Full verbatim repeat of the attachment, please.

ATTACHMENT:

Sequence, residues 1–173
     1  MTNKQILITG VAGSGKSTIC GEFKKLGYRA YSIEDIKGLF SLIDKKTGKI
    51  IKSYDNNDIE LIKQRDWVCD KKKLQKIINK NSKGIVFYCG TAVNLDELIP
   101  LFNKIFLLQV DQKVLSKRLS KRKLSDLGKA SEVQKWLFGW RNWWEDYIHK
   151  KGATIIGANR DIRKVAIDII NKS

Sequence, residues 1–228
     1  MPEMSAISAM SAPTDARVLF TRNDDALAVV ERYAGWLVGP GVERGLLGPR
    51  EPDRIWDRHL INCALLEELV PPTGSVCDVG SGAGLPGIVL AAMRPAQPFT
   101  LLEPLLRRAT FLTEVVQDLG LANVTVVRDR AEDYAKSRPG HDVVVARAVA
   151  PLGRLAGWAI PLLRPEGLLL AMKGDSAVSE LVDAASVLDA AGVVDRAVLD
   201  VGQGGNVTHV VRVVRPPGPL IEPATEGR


Sequence, residues 1–173
     1  MTNKQILITG VAGSGKSTIC GEFKKLGYRA YSIEDIKGLF SLIDKKTGKI
    51  IKSYDNNDIE LIKQRDWVCD KKKLQKIINK NSKGIVFYCG TAVNLDELIP
   101  LFNKIFLLQV DQKVLSKRLS KRKLSDLGKA SEVQKWLFGW RNWWEDYIHK
   151  KGATIIGANR DIRKVAIDII NKS

Sequence, residues 1–228
     1  MPEMSAISAM SAPTDARVLF TRNDDALAVV ERYAGWLVGP GVERGLLGPR
    51  EPDRIWDRHL INCALLEELV PPTGSVCDVG SGAGLPGIVL AAMRPAQPFT
   101  LLEPLLRRAT FLTEVVQDLG LANVTVVRDR AEDYAKSRPG HDVVVARAVA
   151  PLGRLAGWAI PLLRPEGLLL AMKGDSAVSE LVDAASVLDA AGVVDRAVLD
   201  VGQGGNVTHV VRVVRPPGPL IEPATEGR